Africans in Guangzhou Nigerians

Part 3: Nigerian nightlife and money throwing in China

READ PART ONE HERE

READ PART TWO HERE

Spraying: ‘Nigerian’ origins?

‘Compared to others, we Nigerians have a very different relationship with money’, I was told by Joe, a few days later, when I further enquired about why people would throw money like that. ‘Do Chinese, or other non-Nigerians, spray?’, I asked him naively. ‘Of course not, Chinese would never throw a cent on you like that. It’s a Nigerian thing. Actually, it’s an Igbo thing more than a Nigerian thing’, Joe asserted. He then proceeded to give me a brief account of spraying saying that it had increased over the last two decades and that he thought it originated in the 1970s.

I kept thinking spraying was an Igbo affair until I spoke to Ade, a young student and entertainment entrepreneur from Osun State in Nigeria, whom I had met in a Nigerian food restaurant in Guangzhou a few years before meeting Joe. Ade had moved to Beijing as he felt Guangzhou’s African entertainment spaces were overcrowding, but just as with Joe, he kept sending me random messages just to ‘check-in’. ‘It’s not an Igbo thing, not at all. We Yoruba also spray and have been doing it forever, mostly during weddings. So, definitely not an Igbo thing’, I was told, emphatically, through a brief WeChat conversation. Through my texting with Ade, I understood that Nigerians have diverging (and somehow contested) stories about the origins of spraying.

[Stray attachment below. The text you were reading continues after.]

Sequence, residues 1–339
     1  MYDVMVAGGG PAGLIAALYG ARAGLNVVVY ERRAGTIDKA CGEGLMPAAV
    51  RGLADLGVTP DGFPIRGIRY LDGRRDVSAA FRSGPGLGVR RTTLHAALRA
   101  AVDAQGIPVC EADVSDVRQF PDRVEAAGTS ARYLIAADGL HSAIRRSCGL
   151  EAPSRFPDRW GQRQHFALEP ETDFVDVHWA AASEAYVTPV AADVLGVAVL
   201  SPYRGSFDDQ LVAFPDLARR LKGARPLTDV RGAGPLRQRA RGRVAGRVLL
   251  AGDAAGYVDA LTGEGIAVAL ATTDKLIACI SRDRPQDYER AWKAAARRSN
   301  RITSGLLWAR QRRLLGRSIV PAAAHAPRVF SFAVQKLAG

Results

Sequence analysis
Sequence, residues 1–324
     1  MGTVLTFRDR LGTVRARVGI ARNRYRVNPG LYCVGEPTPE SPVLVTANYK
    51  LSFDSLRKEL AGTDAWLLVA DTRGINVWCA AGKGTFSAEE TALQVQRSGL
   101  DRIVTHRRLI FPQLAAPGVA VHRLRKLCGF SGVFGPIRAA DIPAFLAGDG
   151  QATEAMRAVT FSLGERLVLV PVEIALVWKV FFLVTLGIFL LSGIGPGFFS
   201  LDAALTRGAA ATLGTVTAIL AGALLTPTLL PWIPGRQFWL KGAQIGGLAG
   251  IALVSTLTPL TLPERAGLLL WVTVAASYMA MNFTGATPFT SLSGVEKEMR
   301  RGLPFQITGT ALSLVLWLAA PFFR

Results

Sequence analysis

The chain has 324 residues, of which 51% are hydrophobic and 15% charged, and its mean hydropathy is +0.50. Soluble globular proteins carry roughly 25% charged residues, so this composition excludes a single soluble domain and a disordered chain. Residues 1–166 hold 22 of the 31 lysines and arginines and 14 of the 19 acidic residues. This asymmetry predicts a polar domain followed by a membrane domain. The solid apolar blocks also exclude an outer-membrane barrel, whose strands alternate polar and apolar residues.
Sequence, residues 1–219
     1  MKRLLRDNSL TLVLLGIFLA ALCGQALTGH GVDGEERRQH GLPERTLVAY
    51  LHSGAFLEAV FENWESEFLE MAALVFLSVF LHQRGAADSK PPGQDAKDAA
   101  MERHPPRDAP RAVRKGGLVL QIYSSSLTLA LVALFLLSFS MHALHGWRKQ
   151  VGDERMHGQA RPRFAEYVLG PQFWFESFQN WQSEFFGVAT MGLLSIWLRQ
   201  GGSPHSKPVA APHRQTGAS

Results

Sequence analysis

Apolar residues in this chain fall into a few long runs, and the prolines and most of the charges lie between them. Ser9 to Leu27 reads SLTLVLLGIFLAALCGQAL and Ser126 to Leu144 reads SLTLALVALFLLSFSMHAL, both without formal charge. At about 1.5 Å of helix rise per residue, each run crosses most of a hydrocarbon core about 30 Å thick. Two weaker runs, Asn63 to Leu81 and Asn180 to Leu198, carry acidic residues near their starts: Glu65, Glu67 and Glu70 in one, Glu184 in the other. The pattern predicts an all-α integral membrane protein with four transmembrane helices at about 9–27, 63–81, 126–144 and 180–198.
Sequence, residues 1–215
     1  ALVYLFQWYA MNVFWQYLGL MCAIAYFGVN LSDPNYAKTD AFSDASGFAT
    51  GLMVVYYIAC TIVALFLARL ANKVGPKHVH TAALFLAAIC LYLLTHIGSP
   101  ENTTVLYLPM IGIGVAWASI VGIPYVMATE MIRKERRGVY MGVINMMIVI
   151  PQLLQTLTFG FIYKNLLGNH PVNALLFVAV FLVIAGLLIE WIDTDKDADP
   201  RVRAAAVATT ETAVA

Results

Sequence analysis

As I spoke to more people, I confirmed that there were divergent accounts about the origins of spraying; and, also, that spraying had distinct modalities (i.e. throwing, tossing, flicking, placing and/or attaching), and varying styles (i.e. speed, rhythm, duration, intensity and amount of notes), across the diverse cultural spaces that conform contemporary Nigeria. Two accounts about the origins stood out: the Igbo and the Yoruba accounts (versions of these two stories are widely known and circulate among Nigerians both in the country and in the diaspora).